Romanticism and Science, 1773-1833
Routledge, 2002 - Literary Criticism - 317 pages
Mary Shelley's Frankenstein is perhaps the best-known and most widely studied literary representation of science. Yet it is by no means the only text of its time to fictionalize the latest experiments and discoveries of natural philosophers. Science was burgeoning in the years 1760-1840, revolutionising how people saw the world around them, and this extended to the literary world.
This five volume set is divided into sections by scientific discipline, each illuminating a context of current interest to literary scholars. An extensive introduction is included in the first volume giving a brief history of the development of various scientific fields - including Geology, Palaeontology, Chemistry and Physics - resumes of the central texts/discoveries and their significance, and an account of their impact on literature - and sometimes, literature's impact on science. A bibliography of major scientific works and suggestions for critical reading is also provided and the set is completed with a detailed index.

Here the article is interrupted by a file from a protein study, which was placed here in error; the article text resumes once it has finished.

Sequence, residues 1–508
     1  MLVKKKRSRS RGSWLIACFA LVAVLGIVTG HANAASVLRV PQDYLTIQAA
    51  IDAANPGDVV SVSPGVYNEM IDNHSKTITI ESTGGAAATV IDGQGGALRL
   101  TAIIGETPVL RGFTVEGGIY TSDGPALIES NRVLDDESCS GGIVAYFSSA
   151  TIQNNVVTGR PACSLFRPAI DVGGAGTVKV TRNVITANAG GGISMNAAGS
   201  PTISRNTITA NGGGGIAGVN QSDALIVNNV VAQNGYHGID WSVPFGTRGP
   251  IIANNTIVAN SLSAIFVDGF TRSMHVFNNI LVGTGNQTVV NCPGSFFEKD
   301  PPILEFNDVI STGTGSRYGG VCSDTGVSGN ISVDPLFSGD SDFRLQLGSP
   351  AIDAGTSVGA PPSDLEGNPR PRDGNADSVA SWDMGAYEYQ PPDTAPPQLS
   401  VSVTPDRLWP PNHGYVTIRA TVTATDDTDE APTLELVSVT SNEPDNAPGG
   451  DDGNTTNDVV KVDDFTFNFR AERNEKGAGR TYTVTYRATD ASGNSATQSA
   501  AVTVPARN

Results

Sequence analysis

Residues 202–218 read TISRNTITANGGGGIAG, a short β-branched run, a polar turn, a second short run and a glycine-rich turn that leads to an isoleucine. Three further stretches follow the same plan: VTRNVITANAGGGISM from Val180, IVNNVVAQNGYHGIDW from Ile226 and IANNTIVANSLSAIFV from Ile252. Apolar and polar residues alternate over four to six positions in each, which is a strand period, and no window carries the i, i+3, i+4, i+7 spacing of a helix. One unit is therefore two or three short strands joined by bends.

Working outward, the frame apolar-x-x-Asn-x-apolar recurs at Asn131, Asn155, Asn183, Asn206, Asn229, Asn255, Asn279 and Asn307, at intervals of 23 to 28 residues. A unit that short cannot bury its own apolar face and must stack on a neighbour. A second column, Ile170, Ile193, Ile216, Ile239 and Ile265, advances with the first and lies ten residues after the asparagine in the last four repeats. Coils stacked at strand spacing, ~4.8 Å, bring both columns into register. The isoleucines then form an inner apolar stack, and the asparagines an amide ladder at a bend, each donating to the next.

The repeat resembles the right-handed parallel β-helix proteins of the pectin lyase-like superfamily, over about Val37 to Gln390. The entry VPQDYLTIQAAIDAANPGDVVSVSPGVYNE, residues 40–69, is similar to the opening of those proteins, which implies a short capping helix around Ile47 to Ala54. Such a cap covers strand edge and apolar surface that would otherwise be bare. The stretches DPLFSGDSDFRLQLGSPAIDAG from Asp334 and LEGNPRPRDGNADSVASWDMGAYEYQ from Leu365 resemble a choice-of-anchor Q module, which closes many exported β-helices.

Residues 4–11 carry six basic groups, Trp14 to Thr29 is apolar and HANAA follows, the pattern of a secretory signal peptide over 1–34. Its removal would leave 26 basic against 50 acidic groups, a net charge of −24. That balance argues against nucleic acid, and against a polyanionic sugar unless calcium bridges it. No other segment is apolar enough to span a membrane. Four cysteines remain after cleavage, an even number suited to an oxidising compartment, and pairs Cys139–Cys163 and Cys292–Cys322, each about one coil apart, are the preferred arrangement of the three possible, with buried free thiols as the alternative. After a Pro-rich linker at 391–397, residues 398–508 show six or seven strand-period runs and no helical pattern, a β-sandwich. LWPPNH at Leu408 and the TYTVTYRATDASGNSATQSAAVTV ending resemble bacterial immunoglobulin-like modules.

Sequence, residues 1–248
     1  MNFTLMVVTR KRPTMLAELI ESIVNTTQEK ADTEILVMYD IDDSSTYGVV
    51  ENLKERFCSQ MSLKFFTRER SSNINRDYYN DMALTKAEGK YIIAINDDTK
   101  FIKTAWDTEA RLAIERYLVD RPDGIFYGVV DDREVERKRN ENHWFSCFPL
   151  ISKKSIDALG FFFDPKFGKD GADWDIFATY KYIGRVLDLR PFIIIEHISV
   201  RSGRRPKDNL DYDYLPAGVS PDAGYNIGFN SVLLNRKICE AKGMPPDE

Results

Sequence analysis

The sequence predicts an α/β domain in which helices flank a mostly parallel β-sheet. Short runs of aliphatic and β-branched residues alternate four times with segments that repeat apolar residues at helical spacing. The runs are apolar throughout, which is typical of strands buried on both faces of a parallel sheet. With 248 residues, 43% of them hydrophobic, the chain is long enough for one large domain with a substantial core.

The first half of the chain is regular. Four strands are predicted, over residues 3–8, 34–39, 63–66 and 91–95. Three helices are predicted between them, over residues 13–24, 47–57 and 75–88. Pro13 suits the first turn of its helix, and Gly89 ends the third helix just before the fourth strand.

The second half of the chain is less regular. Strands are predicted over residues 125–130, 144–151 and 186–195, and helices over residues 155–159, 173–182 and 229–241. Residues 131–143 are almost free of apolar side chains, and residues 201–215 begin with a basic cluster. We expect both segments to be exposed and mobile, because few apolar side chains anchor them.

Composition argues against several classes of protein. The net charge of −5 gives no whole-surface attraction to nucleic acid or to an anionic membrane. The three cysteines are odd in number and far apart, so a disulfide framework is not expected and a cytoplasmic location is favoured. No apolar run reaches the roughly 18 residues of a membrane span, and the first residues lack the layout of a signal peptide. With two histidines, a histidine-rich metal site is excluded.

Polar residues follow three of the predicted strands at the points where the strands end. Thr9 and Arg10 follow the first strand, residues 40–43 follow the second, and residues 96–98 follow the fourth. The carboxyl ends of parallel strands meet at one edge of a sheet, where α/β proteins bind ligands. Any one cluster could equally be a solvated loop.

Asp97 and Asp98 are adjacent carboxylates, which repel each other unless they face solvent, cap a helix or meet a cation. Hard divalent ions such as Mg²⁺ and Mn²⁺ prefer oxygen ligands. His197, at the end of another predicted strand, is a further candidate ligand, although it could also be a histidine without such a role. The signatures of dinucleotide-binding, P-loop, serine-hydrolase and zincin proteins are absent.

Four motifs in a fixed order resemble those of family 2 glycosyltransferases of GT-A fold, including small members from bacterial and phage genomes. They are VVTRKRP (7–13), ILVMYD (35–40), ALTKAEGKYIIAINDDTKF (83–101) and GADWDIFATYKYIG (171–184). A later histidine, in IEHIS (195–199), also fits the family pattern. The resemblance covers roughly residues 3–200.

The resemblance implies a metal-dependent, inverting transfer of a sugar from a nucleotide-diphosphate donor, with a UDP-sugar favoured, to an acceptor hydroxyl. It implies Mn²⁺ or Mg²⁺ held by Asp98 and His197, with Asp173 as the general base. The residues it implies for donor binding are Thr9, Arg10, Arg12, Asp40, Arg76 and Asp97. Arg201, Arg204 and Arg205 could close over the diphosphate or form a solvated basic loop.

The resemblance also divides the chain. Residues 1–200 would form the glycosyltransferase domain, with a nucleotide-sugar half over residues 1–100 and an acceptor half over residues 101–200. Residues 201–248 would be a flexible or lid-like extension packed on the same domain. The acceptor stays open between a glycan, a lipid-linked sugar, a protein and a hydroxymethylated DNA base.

The set is divided as follows:
Science and Politics; Medicine; Mesmerism; Electricity/Electro-Chemistry/Galvanism and Magnetism
Chemistry; Heat and Light
Astronomy; Mensuration/Instruments; Women in Science; Science and Social Change; Institutionalization; Philosophy of Science and Engineering and Technology
Manufactures; Botany; Natural History and Meteorology; Exploration and the Races of Humankind: Craniology, Physiognomy, Phrenology
Theories of Life; Comparative Anatomy and Geology/Palaeontology
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